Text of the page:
• November 15th, 2018
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Afraid of the darkness

FOR the past few days darkness fell upon us. And I am not being metaphoric nor am I playing with idioms. I don’t know about those of you living in da city where the lights shine brighter than the stars and probably never go out. I am sure that as fancy as you are, even if the electricity were to go off, you would have some type of backup to keep you going. But it’s another case for those of us who live on the other side of the red line, oops, I mean in da Tura, where everything goes pitch black and everybody goes into panic mode. “Huuu Elotse, now where will I get a candle?” It doesn’t help to go to the next-door neighbour, because things there are in a more nxomaga state where adults are running over crying infants; children are screaming probably seeing ‘dead people’ and dogs are barking unstoppably out of fear of the darkness. You can’t even take a chance and leave the house to go to the katate who sells fruits at the corner hoping he might have some candles and matches in stock, because you don’t know whom you might run into in the state of darkness. For all you know, you could meet that other palooka whom you ignored when he asked for a gwaai or that other big booted chika and her friends whom you gave skewe words after you saw your lovie-dovie winking at her unashamedly. Thanks municipality, or is it hoeka Nampower, for showing us who is groot man. No warning. No sirens. Nothing. Even the ice-cream man has some kind of bell that he rings. But since you have brought us to this level, we must share with you a typical day in the kasie so that you know when it is appropriate time to tamper with our electricity supply. 06h00-08h00: Wake up and prepare kids for school. 08h00-10h00: Warm up leftovers, clean house and cook lunch. 10h00-13h00: Lay on the choffa watching reruns of Telenovela’s, Oscar Pistorius’ court case, English football or Naija’s six-hour movies. Or alternatively go to the shebeen to zula and join other umqomboti queens and kings for a day of ‘entertainment’. 13h00-18h00: YOU CAN SWITCH OFF THE ELECTRICITY DURING THIS TIME SLOT. 18h00-20h00: Cook dinner. Time to watch new episodes of Telenovela’s. There are about five or six of them, so no interruption during this time slot. Watch news at eight. 20h00-22h00: Another visit to the shebeen. The ncinas might be loaded after a day of ‘hard work’ and since those who have the real J-O-B’s, who wake up at the crack of dawn and come home after five with Shoprite plastic bags, are the Shebeen Queens’ favourite customers, the night becomes the merrier as they tjanga. Never switch off electricity while patrons are in a shebeen. Even a bank robbery is not as dangerous. 22h00-06h00: You can switch off electricity during this time slot. In any case, all that needed to be done for the day has been done. The gatas will close the shebeens anyway, with the exception of Evelyn Street. Actually I like the notion of missing a few hours of electricity per day as long as it’s done at the appropriate time. With all these artificial worldly things, we are losing our touch with humanity. We hardly have time to use our own imagination and many of us can probably not even relate folk tales we narrated at the fire in the village. Don’t be afraid of the dark, after all, darkness is not that bad. Sorry Ngo!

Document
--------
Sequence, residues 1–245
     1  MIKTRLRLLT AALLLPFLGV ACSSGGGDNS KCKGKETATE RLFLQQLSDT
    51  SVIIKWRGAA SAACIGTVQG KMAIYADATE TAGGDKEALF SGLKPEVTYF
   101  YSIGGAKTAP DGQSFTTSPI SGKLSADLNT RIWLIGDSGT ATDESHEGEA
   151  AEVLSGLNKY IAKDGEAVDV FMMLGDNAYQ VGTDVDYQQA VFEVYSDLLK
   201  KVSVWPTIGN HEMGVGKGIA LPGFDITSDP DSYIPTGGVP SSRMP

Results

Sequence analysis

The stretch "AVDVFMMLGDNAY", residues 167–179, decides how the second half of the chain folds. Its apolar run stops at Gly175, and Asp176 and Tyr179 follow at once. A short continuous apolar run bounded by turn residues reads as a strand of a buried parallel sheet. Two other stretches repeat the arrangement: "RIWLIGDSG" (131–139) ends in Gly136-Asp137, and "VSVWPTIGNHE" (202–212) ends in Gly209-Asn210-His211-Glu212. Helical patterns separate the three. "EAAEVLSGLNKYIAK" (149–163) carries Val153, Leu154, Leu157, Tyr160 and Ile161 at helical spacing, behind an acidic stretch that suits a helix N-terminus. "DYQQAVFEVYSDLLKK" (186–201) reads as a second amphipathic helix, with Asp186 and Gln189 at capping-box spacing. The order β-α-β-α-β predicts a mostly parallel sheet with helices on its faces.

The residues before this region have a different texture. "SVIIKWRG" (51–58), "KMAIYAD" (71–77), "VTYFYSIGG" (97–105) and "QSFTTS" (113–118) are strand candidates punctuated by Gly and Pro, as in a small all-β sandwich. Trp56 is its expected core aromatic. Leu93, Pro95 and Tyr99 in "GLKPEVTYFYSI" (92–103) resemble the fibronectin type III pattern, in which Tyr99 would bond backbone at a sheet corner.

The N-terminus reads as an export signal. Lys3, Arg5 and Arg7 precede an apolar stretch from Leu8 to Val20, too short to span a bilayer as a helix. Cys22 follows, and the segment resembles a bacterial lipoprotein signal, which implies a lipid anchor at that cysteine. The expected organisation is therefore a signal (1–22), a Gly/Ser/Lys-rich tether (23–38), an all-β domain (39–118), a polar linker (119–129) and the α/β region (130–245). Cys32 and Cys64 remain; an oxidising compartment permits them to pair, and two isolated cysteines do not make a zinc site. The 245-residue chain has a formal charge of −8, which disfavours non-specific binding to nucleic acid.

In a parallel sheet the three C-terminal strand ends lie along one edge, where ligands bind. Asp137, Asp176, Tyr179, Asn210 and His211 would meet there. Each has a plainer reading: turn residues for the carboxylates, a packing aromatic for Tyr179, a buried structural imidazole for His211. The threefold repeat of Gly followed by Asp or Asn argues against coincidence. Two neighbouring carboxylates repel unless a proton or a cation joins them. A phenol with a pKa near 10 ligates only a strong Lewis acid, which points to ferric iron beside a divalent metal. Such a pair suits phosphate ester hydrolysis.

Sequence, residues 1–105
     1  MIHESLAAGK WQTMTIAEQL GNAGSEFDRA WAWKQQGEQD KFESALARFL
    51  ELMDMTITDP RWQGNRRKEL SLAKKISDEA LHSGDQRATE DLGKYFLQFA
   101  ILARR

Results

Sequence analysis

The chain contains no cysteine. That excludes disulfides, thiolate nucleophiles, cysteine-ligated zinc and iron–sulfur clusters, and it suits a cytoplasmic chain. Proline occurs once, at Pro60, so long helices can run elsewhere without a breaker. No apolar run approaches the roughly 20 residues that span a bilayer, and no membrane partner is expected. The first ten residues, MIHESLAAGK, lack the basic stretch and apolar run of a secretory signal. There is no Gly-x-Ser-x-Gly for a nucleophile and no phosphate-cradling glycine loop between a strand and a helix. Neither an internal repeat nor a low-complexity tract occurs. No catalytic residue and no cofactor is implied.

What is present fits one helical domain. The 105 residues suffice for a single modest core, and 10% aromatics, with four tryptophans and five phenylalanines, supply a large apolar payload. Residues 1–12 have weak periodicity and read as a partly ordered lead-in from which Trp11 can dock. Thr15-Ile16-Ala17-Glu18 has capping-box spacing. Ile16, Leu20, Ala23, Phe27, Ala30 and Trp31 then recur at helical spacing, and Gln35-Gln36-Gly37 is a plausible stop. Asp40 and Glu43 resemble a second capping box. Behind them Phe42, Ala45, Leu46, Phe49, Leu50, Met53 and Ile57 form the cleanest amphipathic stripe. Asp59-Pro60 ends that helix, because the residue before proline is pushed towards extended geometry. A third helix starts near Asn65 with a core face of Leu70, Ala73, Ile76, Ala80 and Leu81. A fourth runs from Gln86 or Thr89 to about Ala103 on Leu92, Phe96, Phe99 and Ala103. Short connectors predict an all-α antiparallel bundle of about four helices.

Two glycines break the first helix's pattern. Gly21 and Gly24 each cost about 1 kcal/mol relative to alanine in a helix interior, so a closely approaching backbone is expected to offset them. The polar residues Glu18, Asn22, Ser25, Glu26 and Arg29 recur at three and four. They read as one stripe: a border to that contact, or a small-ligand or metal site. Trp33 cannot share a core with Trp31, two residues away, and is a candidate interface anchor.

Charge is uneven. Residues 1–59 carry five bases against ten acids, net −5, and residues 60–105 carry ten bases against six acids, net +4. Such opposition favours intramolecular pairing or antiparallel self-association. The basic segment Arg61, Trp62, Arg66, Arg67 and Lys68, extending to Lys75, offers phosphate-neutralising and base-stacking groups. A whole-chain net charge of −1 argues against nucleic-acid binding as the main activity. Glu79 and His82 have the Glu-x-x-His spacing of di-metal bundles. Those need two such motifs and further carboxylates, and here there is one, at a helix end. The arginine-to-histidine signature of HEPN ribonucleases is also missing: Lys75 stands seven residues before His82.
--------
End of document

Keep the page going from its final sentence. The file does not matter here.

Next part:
New Era Reporter
2015-04-02 09:05:08 3 years ago

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